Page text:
The carcass of a dairy cow slated to be rendered at a Fresno County, Calif. plant is infected with mad cow disease, federal and plant officials announced Tuesday.
The discovery of mad cow disease - only the fourth in U.S. history and the first in California - was made during routine testing of a dairy carcass headed to the Baker Commodities plant in Kerman.
Federal officials would only say that the carcass came from a "Central California" dairy, and local agricultural officials say they don't know whose cow it was. The central San Joaquin Valley is one of the largest dairy producing regions in the nation, with hundreds of dairies.
In announcing the find, federal and state officials were quick to reassure the public that the food supply is safe.
"Milk and beef remain safe to consume," said Karen Ross, California Department of Food and Agriculture secretary. "Because of the strength of the food protection system, the cow did not enter the food or feed supply."
Dennis Luckey, executive vice president of Baker Commodities, said that as part of the U.S. Department of Agriculture's surveillance system, carcasses that come through the company's dead-stock handling plant in Hanford are skinned and their brains randomly tested for bovine spongiform encephalopathy, or mad cow disease, before being rendered in Kerman. He said the plant generally services the central San Joaquin Valley.
The diseased carcass came into Baker's Hanford plant last Wednesday, was tested that day and samples sent to a University of California laboratory. The results came back inconclusive, but further testing at a USDA lab in Ames, Iowa, confirmed the cow was infected.
Luckey said 60 carcasses, including the cow with mad cow disease, were tested that day and all are being held at the Hanford plant while federal officials conduct their investigation.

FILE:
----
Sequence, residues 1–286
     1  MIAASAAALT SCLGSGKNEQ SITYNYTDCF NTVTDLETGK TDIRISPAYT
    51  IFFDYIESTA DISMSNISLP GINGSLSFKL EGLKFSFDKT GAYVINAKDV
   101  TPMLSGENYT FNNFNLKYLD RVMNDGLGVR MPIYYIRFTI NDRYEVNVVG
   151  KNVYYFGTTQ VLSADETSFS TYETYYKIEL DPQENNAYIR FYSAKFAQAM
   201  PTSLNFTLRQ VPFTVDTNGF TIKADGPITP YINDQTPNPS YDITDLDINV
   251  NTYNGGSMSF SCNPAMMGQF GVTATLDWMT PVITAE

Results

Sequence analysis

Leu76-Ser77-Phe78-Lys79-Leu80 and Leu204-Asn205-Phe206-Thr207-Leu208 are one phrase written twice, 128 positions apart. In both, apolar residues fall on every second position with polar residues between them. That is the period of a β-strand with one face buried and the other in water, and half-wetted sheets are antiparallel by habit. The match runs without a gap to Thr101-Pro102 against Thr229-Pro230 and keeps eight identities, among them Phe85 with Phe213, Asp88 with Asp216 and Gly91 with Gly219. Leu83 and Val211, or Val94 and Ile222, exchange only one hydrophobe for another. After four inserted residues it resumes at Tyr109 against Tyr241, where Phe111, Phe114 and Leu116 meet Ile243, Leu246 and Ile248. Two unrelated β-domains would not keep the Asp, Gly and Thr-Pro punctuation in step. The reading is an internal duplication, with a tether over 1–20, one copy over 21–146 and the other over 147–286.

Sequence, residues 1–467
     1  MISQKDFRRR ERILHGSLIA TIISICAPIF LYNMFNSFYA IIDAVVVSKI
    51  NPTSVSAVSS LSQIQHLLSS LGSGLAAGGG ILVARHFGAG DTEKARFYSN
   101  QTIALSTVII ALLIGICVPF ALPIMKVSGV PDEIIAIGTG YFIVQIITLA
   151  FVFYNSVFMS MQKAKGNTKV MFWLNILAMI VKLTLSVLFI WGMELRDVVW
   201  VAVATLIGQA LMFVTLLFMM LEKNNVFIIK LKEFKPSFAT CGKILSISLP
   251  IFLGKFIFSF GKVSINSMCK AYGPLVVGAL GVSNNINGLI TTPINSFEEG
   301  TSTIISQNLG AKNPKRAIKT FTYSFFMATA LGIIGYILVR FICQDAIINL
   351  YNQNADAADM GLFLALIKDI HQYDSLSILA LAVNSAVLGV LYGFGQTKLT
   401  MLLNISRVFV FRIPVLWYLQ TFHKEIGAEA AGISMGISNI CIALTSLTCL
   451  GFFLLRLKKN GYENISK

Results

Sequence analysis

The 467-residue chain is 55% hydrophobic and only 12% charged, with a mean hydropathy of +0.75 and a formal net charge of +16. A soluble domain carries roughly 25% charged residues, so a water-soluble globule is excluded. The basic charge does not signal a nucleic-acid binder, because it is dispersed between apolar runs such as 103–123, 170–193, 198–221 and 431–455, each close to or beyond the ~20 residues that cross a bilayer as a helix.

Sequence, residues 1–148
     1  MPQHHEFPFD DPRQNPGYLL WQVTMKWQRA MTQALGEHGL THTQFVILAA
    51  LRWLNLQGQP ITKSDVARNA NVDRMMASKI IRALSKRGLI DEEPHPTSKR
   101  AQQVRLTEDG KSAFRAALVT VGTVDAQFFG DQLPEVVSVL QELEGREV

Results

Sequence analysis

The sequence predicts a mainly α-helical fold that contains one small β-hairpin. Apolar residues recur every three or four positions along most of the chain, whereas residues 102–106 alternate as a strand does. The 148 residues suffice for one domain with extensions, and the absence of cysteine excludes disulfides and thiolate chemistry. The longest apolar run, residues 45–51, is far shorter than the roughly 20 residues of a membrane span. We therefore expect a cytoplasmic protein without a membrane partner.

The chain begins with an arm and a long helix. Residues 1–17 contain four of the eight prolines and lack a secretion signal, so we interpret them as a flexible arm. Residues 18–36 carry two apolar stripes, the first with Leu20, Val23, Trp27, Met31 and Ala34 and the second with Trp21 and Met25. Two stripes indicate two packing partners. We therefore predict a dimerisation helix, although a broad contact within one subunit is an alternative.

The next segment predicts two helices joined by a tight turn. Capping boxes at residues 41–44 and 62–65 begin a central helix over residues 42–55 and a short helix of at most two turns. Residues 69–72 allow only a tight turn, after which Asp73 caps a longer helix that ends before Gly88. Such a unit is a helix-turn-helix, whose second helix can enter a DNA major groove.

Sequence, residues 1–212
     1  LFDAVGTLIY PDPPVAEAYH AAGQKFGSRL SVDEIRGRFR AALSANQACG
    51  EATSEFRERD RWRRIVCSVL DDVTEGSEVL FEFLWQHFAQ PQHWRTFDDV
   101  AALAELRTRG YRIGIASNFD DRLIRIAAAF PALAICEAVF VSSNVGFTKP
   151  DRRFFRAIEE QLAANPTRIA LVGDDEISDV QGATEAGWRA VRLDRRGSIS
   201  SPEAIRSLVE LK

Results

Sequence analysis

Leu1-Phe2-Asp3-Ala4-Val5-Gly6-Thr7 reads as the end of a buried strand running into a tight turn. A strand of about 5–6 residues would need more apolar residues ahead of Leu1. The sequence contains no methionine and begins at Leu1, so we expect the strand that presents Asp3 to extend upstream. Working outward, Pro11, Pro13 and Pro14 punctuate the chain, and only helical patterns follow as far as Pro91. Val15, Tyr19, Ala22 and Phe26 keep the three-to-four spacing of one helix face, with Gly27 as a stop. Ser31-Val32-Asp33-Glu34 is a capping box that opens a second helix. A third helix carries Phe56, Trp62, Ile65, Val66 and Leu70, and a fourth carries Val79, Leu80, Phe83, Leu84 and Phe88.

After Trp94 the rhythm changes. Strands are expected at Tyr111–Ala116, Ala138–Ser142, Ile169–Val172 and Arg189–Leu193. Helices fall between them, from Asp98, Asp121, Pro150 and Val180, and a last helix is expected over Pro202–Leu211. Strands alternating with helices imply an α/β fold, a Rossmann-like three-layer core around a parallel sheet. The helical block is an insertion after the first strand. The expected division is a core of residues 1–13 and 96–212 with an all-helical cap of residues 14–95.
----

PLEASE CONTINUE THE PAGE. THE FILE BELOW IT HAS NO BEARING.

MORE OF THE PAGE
USDA Chief Veterinary Officer John Clifford said Tuesday that the infected carcass will be destroyed, but Luckey said the company has not yet been told how it will dispose of the carcass or what will happen to the other carcasses.
In the San Joaquin Valley, dairy cows that have outlived their usefulness are routinely sent to rendering plants where they are processed into bone meal and tallow. The Kerman plant does not process any products for human consumption.
The USDA has not disclosed the dairy farm or farms where the infected cow spent its life. Doing so could impede the investigation, said Larry Hawkins, a spokesman in the Sacramento office of the USDA's Animal and Plant Health Inspection Service.
"At this point, we're not providing information that would lead somebody to go out and point the finger at a particular dairy," he said.
Tulare County Agricultural Commissioner Marilyn Kinoshita said she has not been told which dairy - or even which county - the infected cow came from.
But Tulare County Supervisor Pete Vander Poel said it would not surprise him if the animal was from Tulare County, given that Tulare is the No. 1 dairy county in the state.
Vander Poel said a USDA official told him by phone on Tuesday that the animal was from a five-county area of Central California, but did not identify the county.